4 4 Applied Computational Intelligence and Soft Computing Segment Segment Segment 5 Segment 6 Segment Segment Combination process (The meeting is held.) Figure 7 Example of combination process. Forward number string (l characters) Number segment (m characters) 3 Input value Input layer Hidden layer Output layer Output value Japanese word (n characters) Figure 8 Structure of ANN. sentence 大会を開催する to combine the segment, the segment5, the segment6, andthesegment infigure Learning Stage. The learning stage is performed independent of the translation stage. The system becomes aware of the correspondence of number-segments with Japanese words through learning by ANN. We use multilayer feed-forward neural network trained by error backpropagation. The excitations propagate in a single direction, from the input layer to the output layer, through multiple intermediate layers, often called hidden layers. The connection weights, which mimic the synapses, are initialized with random values and gradually trained for the task in hand using a gradient descent training algorithm. The most common one is known as error backpropagation []. Thus, the functionality of the network is stored among the connection weights of different neuron nodes in a distributed manner. The structure of ANN is shown in Figure 8. Anumberstring is inputted to the input layer as the input value. The number-string has kinds of characters, that is,,,...,,, and #. Since each input value is a binary digit, the input layer needs 4 nodes per character. The number-string consists of the forward number-string and the number-segment. A forward number-string has l characters. A number-segment has m characters. Therefore, the input layer has 4 (l + m) nodes. A Japanese word is outputted to the output layer as the output value. The output value is a binary digit also. Since a Japanese character needs Bytes = 6 nodes, the output layer has 6 n nodes for n Japanese characters. The network is adjusted by evaluating the difference of a predicted character and a given character as nodes (=binary digits) in the output layer. For example, the correspondence of the number-segment 4 with the Japanese word 大会 is learned by ANN. Then, the system is able to translate the number-segment 4 into the Japanese word 大会 without a dictionary. Not only a segment but also its forward number-string is learned by ANN. For example, the forward number-string 3 of the segment 3 is learned. Then, the backward segment 3 of the number-string 3 is able to translate into the correct word する. Thus, our proposed method uses a context. 4. Evaluation Experiment The system based on our proposed method has been developed for an experiment. The system is not able to make up the correct Japanese sentence in the combination process

5 Applied Computational Intelligence and Soft Computing 5 Table Experiment data. No. of characters 55,5 No. of different words 4, No. of character code segments,674 No. of noncharacter code segments 8,565 Table Parameter of ANN. No. of input nodes 4 No. of hidden nodes 44 No.ofoutputnodes 44 Learning rate. Table 3 Accuracy of translation per node. RMSE Learning times Figure Changes in RMSE. Japanese character code 3.4 [%] Noncharacter code 8.8 [%] Total 6.5 [%] Table 4 Mean number of erroneous node per segment. Japanese character code.64 Noncharacter code.7 Total 5.6 if the number-segments are not translated into the correct Japanese words in the translation process. Therefore, we evaluated the translation accuracy in the translation process. 4.. Experiment Data and Procedure. The data for the experiment is text a user inputted on Twitter (an online social networking service http//twitter.com/).the detail is shown in Table. The character code segments correspond to the correct words. They have to be translated into the Japanese words. The noncharacter code segments correspond to the incorrect words. They have to be translated into FFFF in the translation process. The parameter of ANN is shown in Table. The input nodes are for the divided number-segments and the forward number-string. The max length of the segments is 6 (=m in Figure 8), and the length of the forward string is 4 (=l in Figure 8). The value is decided by the preliminary experiment. The number of input nodes is 4 because a number character needs 4 nodes in the network. The output nodes are for the character codes of the Japanese words. The maxlengthofthewordsis(=n in Figure 8), and a Japanese character needs 6 nodes ( Bytes) in the network. Then, the number of output nodes is 44. The number of hidden nodes is equal to the number of output nodes. The learning rate is.. The data is divided into 5 sets for K-fold cross-validation. Each of the 4 sets is used to train the network, and the rest set is used to test. 4.. Results and Considerations. First of all, we evaluated the root mean square errors (RMSEs) in the learning stage for confirmation of the learning times. Figure shows RMSE for each set of 5 sets for K-fold cross-validation in the learning stage. In Figure, the errors are decreasing as the learning times are increasing. The value of RMSE is below.5, and the changes are convergent finally. Therefore, it is shown that the system is able to learn the data normally., epochs are sufficient for the training of the data. Table 3 shows the mean rate for the correct translation per node in the network of the Japanese character code, the noncharacter code, and total in the translation process. In Table 3, the accuracy of translation for noncharacter code is higher than that for Japanese character code. This is because the segments of noncharacter code are larger than ones of Japanese character code. Ordinarily, the translation accuracy tends to be higher when the data is large for the learning. The translation accuracy of Japanese Kana-Kanji translation method is about 5 [%] per character in general. Therefore, we consider that 6 [%] translation error for Japanese character code is not always large. The Kana-Kanji translation method translates a Kana sentence, whereas our proposed method translates a string of numbers. It is difficult to translate a number-string because a number-string is more ambiguous than a Kana sentence. The accuracy of the number-kanji translation method is about 85 [%] per character in our previous work [3]. Therefore, the accuracy of our proposed method is never low even though the accuracy is per node. We consider that the accuracy achieves a practical level. Table 4 shows the mean number of the erroneous nodes per segment for the Japanese character code, the noncharacter code, and total. The non-character code means the segmentation is wrong, and the number-segment does not correspond to a Japanese word. The system needs to distinguish the segments with Japanese character code from ones with non-character code. The distinction is never easy because the non-character code segment may correspond to another Japanese word. In Table 3, the accuracy of translation for non-character code is 8.8 [%]. In Table 4, the mean number of erroneous nodes is.7. Then, the translation accuracy of the segment for non-character code is high. The accuracy for Japanese character code is 3.4 [%]. Although the rate is high, the translation result has errors. The mean number of erroneous nodes is.64 in Table 4. The value is low relatively because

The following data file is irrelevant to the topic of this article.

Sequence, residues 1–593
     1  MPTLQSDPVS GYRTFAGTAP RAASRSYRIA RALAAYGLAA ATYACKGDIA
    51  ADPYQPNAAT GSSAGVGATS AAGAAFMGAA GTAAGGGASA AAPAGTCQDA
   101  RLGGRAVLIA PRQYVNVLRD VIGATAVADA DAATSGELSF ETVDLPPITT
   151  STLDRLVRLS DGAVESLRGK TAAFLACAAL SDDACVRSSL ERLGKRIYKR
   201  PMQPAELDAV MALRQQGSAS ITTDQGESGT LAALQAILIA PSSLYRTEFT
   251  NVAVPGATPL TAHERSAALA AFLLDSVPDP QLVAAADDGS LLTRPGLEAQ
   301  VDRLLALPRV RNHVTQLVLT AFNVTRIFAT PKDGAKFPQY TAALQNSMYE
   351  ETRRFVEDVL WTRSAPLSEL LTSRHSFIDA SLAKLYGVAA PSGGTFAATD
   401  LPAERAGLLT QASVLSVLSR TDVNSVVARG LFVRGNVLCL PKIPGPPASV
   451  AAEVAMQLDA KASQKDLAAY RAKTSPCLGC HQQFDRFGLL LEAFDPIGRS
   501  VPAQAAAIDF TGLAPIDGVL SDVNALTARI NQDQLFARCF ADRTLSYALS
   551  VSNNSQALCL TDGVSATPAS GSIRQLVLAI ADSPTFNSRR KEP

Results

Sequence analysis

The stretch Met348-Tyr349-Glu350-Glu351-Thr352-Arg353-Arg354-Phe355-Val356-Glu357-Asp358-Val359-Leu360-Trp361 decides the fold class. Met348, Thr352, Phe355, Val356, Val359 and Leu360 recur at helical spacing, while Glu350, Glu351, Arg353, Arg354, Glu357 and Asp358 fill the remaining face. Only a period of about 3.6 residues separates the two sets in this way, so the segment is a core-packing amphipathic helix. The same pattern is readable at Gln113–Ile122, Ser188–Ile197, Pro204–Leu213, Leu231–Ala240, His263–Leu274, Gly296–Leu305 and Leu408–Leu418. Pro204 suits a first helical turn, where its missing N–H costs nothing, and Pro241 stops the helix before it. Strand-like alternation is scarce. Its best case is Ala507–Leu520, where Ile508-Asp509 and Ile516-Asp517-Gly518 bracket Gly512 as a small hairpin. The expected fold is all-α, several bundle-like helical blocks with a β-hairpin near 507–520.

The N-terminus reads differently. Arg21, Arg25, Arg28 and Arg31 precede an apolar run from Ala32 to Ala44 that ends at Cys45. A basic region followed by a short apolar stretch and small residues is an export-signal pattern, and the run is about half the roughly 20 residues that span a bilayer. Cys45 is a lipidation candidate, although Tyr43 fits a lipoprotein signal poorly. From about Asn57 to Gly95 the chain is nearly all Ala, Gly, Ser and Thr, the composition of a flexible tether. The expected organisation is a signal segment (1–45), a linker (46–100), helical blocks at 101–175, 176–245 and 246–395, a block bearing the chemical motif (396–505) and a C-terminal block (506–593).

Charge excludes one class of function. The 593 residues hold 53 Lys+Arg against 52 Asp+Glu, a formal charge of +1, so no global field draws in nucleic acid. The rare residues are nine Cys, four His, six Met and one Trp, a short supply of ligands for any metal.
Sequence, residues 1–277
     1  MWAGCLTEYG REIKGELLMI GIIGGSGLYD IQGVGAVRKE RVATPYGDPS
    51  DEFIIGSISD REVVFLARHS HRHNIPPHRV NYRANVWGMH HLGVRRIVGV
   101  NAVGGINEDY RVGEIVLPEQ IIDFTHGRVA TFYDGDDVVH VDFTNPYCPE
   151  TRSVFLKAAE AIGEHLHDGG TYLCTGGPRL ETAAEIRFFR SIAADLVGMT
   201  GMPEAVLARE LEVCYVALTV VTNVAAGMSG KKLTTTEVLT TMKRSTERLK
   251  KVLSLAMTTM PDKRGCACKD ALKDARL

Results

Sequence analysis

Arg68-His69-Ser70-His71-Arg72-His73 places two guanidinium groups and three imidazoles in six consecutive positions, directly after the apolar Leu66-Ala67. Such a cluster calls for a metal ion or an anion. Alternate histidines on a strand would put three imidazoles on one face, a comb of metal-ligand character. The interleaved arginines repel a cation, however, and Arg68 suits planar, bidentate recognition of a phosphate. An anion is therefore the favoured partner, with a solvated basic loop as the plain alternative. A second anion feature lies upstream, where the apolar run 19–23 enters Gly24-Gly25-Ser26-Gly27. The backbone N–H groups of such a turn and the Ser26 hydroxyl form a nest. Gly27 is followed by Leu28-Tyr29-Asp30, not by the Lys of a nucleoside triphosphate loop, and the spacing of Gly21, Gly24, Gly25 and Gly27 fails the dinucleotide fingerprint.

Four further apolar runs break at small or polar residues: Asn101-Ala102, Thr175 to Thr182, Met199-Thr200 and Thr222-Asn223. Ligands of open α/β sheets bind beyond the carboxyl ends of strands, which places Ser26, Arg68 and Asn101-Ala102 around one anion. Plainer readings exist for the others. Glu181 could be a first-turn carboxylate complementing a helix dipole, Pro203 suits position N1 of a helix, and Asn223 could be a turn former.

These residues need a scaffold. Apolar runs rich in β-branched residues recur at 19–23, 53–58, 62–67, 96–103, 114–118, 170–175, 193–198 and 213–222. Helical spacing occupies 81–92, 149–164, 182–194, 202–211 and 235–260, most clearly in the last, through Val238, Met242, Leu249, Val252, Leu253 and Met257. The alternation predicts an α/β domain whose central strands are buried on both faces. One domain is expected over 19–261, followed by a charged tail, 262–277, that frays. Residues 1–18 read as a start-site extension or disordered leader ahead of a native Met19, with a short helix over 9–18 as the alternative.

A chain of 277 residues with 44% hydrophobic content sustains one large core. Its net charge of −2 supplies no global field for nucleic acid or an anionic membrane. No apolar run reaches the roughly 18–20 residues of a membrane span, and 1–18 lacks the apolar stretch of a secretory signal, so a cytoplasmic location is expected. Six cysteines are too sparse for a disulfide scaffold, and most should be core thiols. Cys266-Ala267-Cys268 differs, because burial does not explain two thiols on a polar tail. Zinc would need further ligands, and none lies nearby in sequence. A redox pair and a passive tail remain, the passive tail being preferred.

6 6 Applied Computational Intelligence and Soft Computing the size of the output nodes is 44. Therefore, we consider that it is possible to translate the erroneous nodes into the correct words by increasing learning data or adding the correction process and so on. We are able to calculate the total number of links in the network. The number of links is defined as no. of links = ( no. of input nodes + ) no. of hidden nodes + (no. of hidden nodes + ) no. of output nodes, where + means an additional node for a bias of ANN. The total number of links in the system of the evaluation experiment is calculated as () (4 + ) 44 + (44 + ) 44 = 6, 784. () If the size for a weight is 4 Bytes per link in the network, the size of memory is about 7 KB. The size is small and fixed. The memory size does not change when the learning data increases. Therefore, it is easy to implement our proposed method on a mobile phone. 5. Conclusion In this paper, we proposed a context-aware number-kanji translation method using ANN and have shown the effectiveness of the method by the actual experiment for practical use. The algorithm enables to input one Kana character per key stroke. Then, a user is able to input a Japanese text rapidly and easily. However, a string of numbers inputted by the user is ambiguous. Our proposed method disambiguates the number-string and translates it into the Japanese sentence intended by the user using ANN. The system becomes aware of the correspondence of number-segments with Japanese words through learning. Therefore, the system is able to translate the number-string into the intended sentence by ANN without a dictionary. The system requires the fixed memory determined by the size of ANN. Because of reduced memory requirement, our proposed method is especially suitable for a mobile phone. In the experiment, we use Twitter data to confirm the effectiveness of our proposed method for practical use. The accuracy of the translation per node is high. The mean number of the erroneous nodes is about per segment for Japanese character code. The value is low in comparison with the size of the output nodes in the network. Therefore, we consider that it is possible to translate the erroneous segments into the correct words. By the actual experiment, it is shown that our proposed method is effective for practical use. One of future works is to add the correction process for recovering the erroneous nodes. Then, we need to evaluate the translation accuracy in the combination process and compare with current popular methods. References [] C. Kushler, AAC using a reduced keyboard, in Proceedings of the Technology & Persons with Disabilities Conference (CSUN 8), Los Angeles, Calif, USA, March 8. [] S. Hasan and K. Harbusch, N-Best hidden Markov model super tagging to improve typing on an ambiguous keyboard, in Proceedings of Seventh International Workshop on Tree Adjoining Grammar and Related Formalisms, pp. 4 3, Vancouver, BC, Canada, May 4. [3] M. MaMatsuhara, K. Araki, Y. Momouchi, and K. Tochinai, Evaluation of number-kanji translation method of nonsegmented Japanese sentences using inductive learning with degenerated input, in Proceedings of the th Australian Joint Conference on Artificial Intelligence Advanced Topics in Artificial Intelligence, vol. 747 of Lecture Note in Artificial Intelligence, pp , Springer, December. [4] M. Matsuhara, K. Araki, and K. Tochinai, Evaluation of number-kanji translation method using inductive learning on , in Proceedings of 3rd IASTED International Conference on Artificial Intelligence and Soft Computing (ASC ), pp , Alberta, Canada, July. [5] K. Tanaka-Ishii, Y. Inutsuka, and M. Takeichi, Personalization of text entry systems for mobile phones, in Proceedings of 6th Natural Processing Pacific Rim Symposium, pp , Tokyo, Japan, November. [6] K. Tanaka-Ishii, Word-based predictive text entry using adaptive language models, Natural Language Engineering, vol. 3, no., pp. 5 74, 7. [7] A. Van Den Bosch and T. Bogers, Efficient context-sensitive word completion for mobile devices, in Proceedings of theth International Conference on Human-Computer Interaction with Mobile Devices and Services (MobileHCI 8), pp , September 8. [8] M. D. Dunlop and M. Montgomery Masters, Investigating five key predictive text entry with combined distance and key stroke modelling, Personal and Ubiquitous Computing, vol., no. 8, pp , 8. [] M. Matsuhara and S. Suzuki, An efficient context-aware character input algorithm for mobile phone based on artificial neural network, in Proceedings of the 3rd International Conference on Awareness Science and Technology (icast ), pp , Dalian, China, September. [] D. E. Rumelhart, G. E. Hinton, and R. J. Williams, Learning internal representations by error propagation, in Parallel Distributed Processing Explorations in Microstructures of Cognition, vol., pp , MIT Press, Cambridge, UK, 86.